In our case, we had a plethora of Outlook Add-Ins and they were not playing nice with each other.

Here is the list of Add-Ins:


Click the Go button ( to the right of COM Add-ins )


Uncheck “Microsoft Outlook Social Connector”.

ComAddIns (After)

And, that fixed it.


Goto File->Options->Add-Ins, at the right bottom of the screen, you will see Manage -> COM Add-ins, click on Go, from the list of options uncheck this option: ‘Microsoft Outlook Social Connector’, click on OK. Restart Outlook and see if it fixes the issue” — Manoj Agarwal


Listening to Mike & The Mechanics – The living Years ( ).

SQL Server Reporting Services – Globals!ReportServerURL returning http://localhost


We will like a bit more flexibility in our Reporting Services Dashboard.

As such to avoid hardcoding links to child reports, we are trying to programmatically inquire for the current Report Server URL.


Global Variable

As always in the Microsoft world, there is a way to do so:

We simply access one of the Global Variables.  The name of the Global variable, in this case, is Globals!ReportServerUrl


Use Case Scenario

So in our Text box / Action, we specify :

  1. Enables an action :- Go To URL
  2. URL :- ( And here is the code we have for our URL ):


Here is the code :

="javascript:void('" + Globals!ReportServerUrl + Microsoft.VisualBasic.Strings.ltrim(Fields!url.Value) + "','_blank'))"


Error Message

No earth shattering error message, but no go!

The child reports  do not come up as the system prefixes them with http://localhost and not the actual SQL Instance URL.



Access the instance instance specific rsreportserver.config file.

The relative folder path and file name is ReportingServices\Reportserver\rsreportserver.config


Here is the original entry



And, here is the revised:



So our problem is that somehow our ReportServerURL was empty, and the system was defaulting to localhost.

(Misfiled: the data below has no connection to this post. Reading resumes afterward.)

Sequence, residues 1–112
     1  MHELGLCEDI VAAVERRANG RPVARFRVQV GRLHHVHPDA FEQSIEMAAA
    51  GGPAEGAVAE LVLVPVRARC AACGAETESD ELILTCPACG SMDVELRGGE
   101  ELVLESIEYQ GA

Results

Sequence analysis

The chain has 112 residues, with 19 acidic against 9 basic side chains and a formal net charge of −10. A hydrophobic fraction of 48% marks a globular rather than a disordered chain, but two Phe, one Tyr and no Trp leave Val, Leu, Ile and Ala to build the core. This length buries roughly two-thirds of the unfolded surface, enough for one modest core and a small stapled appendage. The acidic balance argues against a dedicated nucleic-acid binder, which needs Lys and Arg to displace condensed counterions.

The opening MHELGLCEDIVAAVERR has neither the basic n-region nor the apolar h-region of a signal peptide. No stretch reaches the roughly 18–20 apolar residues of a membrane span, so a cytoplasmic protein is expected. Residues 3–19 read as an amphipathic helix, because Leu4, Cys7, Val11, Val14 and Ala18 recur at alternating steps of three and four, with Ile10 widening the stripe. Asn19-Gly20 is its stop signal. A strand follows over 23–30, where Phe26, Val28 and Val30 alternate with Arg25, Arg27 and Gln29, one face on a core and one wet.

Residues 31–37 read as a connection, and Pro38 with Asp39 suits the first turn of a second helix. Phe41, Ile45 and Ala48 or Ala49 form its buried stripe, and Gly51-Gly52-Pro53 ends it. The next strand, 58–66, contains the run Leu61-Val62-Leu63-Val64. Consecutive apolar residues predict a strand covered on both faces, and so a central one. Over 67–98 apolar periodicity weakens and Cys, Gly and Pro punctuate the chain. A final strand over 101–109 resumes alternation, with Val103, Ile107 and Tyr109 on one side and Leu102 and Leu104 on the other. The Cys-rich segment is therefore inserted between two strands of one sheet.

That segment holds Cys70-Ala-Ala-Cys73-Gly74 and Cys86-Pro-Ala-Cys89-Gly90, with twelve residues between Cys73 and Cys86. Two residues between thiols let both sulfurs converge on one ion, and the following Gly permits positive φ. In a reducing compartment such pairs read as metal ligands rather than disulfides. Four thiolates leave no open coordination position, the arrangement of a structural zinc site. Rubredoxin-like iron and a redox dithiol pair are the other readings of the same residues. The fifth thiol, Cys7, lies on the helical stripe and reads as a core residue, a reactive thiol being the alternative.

Other Interesting parameters

You also should keep an eye on a couple of other set of URLs.

Those are:

  1. URLReservations\Application\ReportServerWebService\URL
  2. URLReservations\Application\ReportServerManager\URL



Outlook – Add In Options – Error Message – “The end date you entered occurs before the start date”


Back pulling down Remedy Tickets and found a nice and easy one.

Error Message


The end date you entered occurs before the start date.



What Happened?

I am thinking to myself, I did  not enter any dates.  All I did was:

  1. Launched Outlook
  2. Via Outlook menu, access File \ Options
  3. The Outlook Options window appears
  4. In the “Outlook Options” window
    • From the left panel, click the “Add-Ins” option
    • On the right panel, click the “Add-In Options” button


  1. Accessed Control Panel, date and time applet
  2. Changed time zone to something else
    • Click the “Change time zone” button
    • Choose a new Timezone
  3. Exit Outlook and restart
    • Make sure things work
  4. Revert time zone to your actual time zone

Screen Shots

Control Panel \ Date and Time



Btw, before making changes you might want to take a backup of the registry branch that covers TimeZone Information.

The registry branch is :HKEY_LOCAL_MACHINE\SYSTEM\CurrentControlSet\Control\TimeZoneInformation



Why the error message “The end date you entered occurs before the start date” in the first place?

Well in some cases the MS Windows Registry section for timezones get corrupted.  Corruption might be data or permission related.

One of the more surer ways to fix is to change the current timezone to something else, check outlook, and revert back to what it should be.

Reporting Services – Chart – Parameter Driving Vertical Axis – Maximum Value